I just returned from the National League of Cities Congress of Cities in Phoenix where I heard speaker after speaker address lack of jobs and crumbling infrastructure as major needs of our nation’s municipalities. Without adequate employment, more and more residents of our cities, towns, and villages are losing their homes. Local government is forced to spend increasing amounts of local tax dollars to deal with the problems associated with abandoned and foreclosed homes. Property values of other residents of those communities decrease as the abandoned and foreclosed homes fall into disrepair and cause blight in neighborhood after neighborhood. It’s a major problem nationwide, and jobs are the solution.
In communities such as Park Forest, residents are forced to pay increasing amounts on water and sewer bills in order to replace the mains that are crumbling. Those are the very infrastructure problems that President Obama is seeking to correct through his jobs bill, with funding going directly to local communities to make the necessary improvements. These are jobs that cannot be outsourced. They will employ local residents in solving local problems.
The examples of how the jobs bill will provide relief for local communities are legion. Yet, partisan politics are preventing the solution from going into effect. It’s time for citizens across the country to insist that politicians in Washington put aside their private agendas and instead focus on the needs of the people.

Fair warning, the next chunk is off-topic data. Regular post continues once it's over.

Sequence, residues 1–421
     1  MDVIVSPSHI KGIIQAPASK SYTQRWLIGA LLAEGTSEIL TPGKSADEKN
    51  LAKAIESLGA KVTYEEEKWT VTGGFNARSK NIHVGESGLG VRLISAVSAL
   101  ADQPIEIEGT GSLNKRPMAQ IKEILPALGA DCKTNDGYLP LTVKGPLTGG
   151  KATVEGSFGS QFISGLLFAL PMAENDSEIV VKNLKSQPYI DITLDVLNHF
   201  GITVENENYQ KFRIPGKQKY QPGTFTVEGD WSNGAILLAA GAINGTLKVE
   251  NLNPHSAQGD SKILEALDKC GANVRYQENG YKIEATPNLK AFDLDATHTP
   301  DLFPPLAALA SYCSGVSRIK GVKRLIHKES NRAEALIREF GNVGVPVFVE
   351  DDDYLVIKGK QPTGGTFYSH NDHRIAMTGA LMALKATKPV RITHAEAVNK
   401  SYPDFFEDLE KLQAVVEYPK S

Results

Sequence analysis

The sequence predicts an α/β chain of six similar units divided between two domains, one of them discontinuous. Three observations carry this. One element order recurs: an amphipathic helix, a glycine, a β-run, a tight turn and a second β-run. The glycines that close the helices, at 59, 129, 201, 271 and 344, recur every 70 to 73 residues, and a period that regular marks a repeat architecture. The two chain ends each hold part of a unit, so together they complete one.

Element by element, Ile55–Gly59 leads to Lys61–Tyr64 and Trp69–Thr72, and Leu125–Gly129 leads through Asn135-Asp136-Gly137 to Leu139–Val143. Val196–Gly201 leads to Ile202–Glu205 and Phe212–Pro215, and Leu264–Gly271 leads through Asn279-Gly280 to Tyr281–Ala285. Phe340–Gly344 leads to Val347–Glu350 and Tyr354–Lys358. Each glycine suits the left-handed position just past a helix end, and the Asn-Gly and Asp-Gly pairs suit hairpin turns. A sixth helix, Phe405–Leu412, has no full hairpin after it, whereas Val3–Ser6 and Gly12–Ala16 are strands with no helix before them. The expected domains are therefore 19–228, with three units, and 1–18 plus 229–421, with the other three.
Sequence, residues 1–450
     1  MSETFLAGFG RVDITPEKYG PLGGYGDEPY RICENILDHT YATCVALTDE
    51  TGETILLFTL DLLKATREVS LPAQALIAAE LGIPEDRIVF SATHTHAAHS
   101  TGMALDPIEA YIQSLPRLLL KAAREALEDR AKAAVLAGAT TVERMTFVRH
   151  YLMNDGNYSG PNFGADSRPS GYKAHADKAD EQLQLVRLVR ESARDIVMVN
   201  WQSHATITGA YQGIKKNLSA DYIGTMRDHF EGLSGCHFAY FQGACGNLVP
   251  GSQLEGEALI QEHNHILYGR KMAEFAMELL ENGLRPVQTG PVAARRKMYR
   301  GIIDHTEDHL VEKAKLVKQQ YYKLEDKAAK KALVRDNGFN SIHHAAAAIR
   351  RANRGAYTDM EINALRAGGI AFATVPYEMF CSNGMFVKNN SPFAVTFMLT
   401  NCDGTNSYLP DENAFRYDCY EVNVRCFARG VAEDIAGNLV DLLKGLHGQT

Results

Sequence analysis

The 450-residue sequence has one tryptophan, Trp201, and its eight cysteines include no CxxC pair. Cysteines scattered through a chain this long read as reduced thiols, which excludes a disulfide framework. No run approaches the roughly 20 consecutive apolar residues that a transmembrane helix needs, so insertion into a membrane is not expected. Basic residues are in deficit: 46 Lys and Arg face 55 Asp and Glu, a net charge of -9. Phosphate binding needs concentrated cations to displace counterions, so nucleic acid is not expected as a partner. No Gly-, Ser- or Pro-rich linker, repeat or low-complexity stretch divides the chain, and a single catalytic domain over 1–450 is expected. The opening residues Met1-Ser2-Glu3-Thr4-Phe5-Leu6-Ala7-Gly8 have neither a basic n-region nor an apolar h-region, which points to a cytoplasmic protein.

Unless something is done soon about the decline of America’s infrastructure, more bridges are going to collapse, more school buildings are going to be declared unsafe for our children, more roads and highways are going to be virtually impossible to use, and more and more water and sewer lines are going to break. This is a situation that no longer can be put off. It’s a crisis. Amazingly, Washington found adequate dollars to enter into a questionable war in Iraq. Why can’t Washington find the dollars to help our cities?
For more information on what’s happening to the U.S. infrastructure, and on the solutions that are needed, visit the Building America’s Future website at http://www.bafuture.org/.
John A. Ostenburg is in his fourth four-year term as mayor of Park Forest, Illinois, and formerly served in the Illinois House of Representatives. He retired in July 2010 as the chief of staff for the Chicago Teachers Union after holding various CTU posts over a 15-year period. A former newspaper reporter and editor, he also has been a teacher and/or administrator at elementary, secondary, community college, and university levels. E-mail him at [email protected].